Later this fall, the information on www.VOTE411.org will be updated for the November 8 general election and all candidates will respond to a new set of questions.  The general election guide will contain complete information about candidates for the presidential, congressional, state legislature, sheriff, Governor’s Council, register of deeds, and county commissioner races, as well as about the statewide ballot questions.

“We hope Massachusetts voters will use this Voters’ Guide to help make informed choices as they vote on September 8,” said Jean Cherdack, president of the League of Women Voters of Massachusetts.  “We are pleased to be able to provide this information and thank the candidates for their willingness to participate in the guide.”

The League of Women Voters is a non-partisan political organization that encourages informed and active participation in government and works to increase understanding of major public policy issues.  Since its founding in 1920, the League of Women Voters of Massachusetts has been a respected and trusted voice for citizen participation in our democracy.  With 44 local Leagues throughout the state, LVWMA has been at the forefront of efforts to empower and educate Massachusetts voters and effect change on a wide range of issues. Membership in the League is open to men and women of all ages. For more information, please go www.lwvma.org.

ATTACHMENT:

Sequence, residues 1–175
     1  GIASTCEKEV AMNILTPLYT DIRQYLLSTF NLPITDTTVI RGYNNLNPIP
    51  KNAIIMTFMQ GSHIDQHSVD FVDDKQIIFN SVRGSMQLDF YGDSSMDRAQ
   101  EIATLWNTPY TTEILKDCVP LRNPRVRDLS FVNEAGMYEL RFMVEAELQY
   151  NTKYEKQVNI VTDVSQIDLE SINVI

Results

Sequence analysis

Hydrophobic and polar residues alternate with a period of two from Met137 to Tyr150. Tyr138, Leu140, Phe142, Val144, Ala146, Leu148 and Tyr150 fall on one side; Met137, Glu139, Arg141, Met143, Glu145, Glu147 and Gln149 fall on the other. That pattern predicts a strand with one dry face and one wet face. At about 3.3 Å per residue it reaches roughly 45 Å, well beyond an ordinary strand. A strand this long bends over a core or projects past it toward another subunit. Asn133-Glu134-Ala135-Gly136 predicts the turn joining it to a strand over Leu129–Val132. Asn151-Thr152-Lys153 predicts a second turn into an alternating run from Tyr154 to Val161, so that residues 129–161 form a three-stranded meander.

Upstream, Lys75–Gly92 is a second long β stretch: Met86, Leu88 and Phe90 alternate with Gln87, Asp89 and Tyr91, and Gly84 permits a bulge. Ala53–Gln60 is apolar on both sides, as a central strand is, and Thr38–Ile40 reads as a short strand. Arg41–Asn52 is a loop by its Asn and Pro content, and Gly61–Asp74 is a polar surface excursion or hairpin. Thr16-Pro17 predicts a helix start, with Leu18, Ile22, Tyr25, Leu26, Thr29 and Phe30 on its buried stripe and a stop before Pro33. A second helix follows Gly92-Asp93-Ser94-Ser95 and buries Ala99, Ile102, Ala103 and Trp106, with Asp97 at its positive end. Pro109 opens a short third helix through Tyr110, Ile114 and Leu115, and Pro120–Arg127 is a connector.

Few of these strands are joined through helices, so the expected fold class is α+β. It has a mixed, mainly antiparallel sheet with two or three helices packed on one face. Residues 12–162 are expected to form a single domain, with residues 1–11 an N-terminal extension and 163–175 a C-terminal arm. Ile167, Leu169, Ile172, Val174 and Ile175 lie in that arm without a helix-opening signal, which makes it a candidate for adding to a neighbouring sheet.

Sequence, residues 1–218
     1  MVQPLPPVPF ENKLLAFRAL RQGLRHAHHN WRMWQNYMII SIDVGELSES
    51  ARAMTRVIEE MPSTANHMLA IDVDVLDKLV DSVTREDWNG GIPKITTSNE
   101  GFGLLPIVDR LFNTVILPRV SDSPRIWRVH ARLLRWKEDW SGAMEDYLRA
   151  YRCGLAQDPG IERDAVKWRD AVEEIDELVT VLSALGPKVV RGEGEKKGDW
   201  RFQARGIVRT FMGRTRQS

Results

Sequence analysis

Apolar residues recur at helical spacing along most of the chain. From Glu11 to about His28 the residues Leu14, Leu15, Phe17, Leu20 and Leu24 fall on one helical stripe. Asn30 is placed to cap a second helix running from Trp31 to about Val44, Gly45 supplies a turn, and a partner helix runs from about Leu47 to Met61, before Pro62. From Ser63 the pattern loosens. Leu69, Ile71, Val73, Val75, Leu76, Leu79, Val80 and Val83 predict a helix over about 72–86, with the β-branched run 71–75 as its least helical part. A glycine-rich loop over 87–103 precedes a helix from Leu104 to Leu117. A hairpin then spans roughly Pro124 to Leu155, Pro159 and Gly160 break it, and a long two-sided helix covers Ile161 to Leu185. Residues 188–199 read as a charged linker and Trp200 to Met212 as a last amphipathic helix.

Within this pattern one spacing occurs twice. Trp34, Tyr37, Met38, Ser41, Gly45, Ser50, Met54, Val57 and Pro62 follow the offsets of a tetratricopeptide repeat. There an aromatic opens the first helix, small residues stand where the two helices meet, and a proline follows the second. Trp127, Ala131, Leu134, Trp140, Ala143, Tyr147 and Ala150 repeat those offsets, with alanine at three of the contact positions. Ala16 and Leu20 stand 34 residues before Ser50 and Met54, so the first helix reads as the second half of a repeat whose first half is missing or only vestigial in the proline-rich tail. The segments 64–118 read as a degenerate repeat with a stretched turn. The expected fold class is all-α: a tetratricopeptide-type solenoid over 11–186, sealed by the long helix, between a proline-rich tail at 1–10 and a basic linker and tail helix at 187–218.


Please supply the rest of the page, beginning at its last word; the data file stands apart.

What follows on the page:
Support for this program was provided by Lincoln and Therese Filene Foundation and an anonymous donor.